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Export Bill Discounting under Islamic Financing

by K. Nizardeen 2017 Jul/Aug/Sept


Question: How do Islamic Banks handle Export Bill discounting and is it permissible under Sharia? If it is permissible, can an L/C be issued for the financing of services provided? 

Answer: Under Islamic finance, outright discounting of debt is not permissible since any difference paid or received from the outstanding debt is a form of Riba (usury) income which is prohibited by Shari’a. However to cater to banking or working capital requirements, Islamic banks have an alternative product structured under the Murabaha concept. Under this structure, an Islamic Bank will treat the acceptance of the issuing bank or confirming bank as a security and do another separate transaction under Nasdaq Murabaha. An Islamic bank, i.e. acquirer of debt, will buy Shari’a compliant liquid assets for a price equal to the outstanding debt and then the Islamic bank will sell the purchased asset to the customer, i.e. seller of debt, on Murabaha basis for a price equal to the aggregate value of the debt. Settlement of the Murabaha price, by the customer, will be through transfer of all the rights and obligations in the debt from the customer to the Islamic bank. In the event there is any delay the Islamic Bank cannot charge any interest or additional charges for the delay as the Murabaha price has been already settled by the customer. Upon signing a Murabaha contract and transferring his rights to the Islamic bank, the customer is free to do what he feels right with the purchased asset. 

The booking of the Murabaha will be under the issuing bank’s credit line since the recourse is on the issuing bank and the Islamic bank is taking issuing bank’s risk. The Islamic bank has no recourse against the customer since Murabaha is no longer outstanding on his side.

Alternatively, Islamic banks could provide financing with recourse to the customer as well wherein the Murabaha price will be settled through settlement of the export bill. In case no payment is received, for any reason, from the issuing bank the Islamic bank has the right of recourse to the Murabaha buyer i.e. the customer who took financing against export bills.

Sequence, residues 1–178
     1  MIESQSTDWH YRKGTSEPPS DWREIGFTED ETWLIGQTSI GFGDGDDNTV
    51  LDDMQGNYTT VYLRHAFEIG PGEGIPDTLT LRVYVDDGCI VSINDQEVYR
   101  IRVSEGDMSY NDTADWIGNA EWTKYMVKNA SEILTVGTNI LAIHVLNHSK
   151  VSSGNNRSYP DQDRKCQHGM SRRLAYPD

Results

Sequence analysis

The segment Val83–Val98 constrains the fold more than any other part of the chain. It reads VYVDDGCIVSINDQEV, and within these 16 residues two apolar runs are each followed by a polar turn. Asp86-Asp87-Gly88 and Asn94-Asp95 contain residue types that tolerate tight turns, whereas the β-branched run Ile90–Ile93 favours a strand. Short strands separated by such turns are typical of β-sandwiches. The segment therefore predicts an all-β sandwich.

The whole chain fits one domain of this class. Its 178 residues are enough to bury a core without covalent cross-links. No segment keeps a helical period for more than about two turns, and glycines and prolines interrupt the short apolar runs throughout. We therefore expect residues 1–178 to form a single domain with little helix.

The above is the current practice in most UAE-based banks while some banks in other parts of the world use post and pre shipment financing solutions for bill financing (discounting) through pre shipment on istisna (order to manufacture) basis and post shipment is on Qard (Interest free loan) plus Wakalah (agency) basis.  

The trade or transaction banking staff handling these transactions should have appropriate, adequate specialization knowledge of UCP, ISBP, and are well-versed with export bill discounting even though discounting is handled outside the L/C rules. The staff should be aware of consequences relating to the fraud exception and adequate precautionary measures should be in place through appropriate SWIFT message types to ensure payment at maturity. Special attention should be given to L/Cs issued by banks with deletion of UCP 600 Article 12(b) (Nomination) and relevant SWIFT messages and amendments should be obtained prior to handling financing of export bill transactions. The staff also should be thoroughly familiar with SWIFT 700 series messages. 

Moreover, as UCP 600 has cleverly kept away from fraud-related provisions and these matters have to be handled through applicable local law, this requires banks to have tight and stringent policies on export bill financing. These should especially cover trade-based money laundering since most fictitious L/Cs are issued with a motive to discount. Though the bank is discounting or financing against the available credit line of the issuing bank and payment is fully secured, banks should take maximum care by scrutinizing their customer and the particular transaction prior to approving. This is one area banks often fall into trouble and face litigation issues due to fraud.  

The answer to the second question is, yes, you could even though it is an L/C issued for services purpose and there are no underlying goods. In this scenario, the export L/C proceeds are used only as a security and the financing is done under a different Murabaha by buying and selling Shari’a compliant liquid assets like shares, Nasdaq certificates, or commodities.

Volume 19, Issue 3, July-September 2017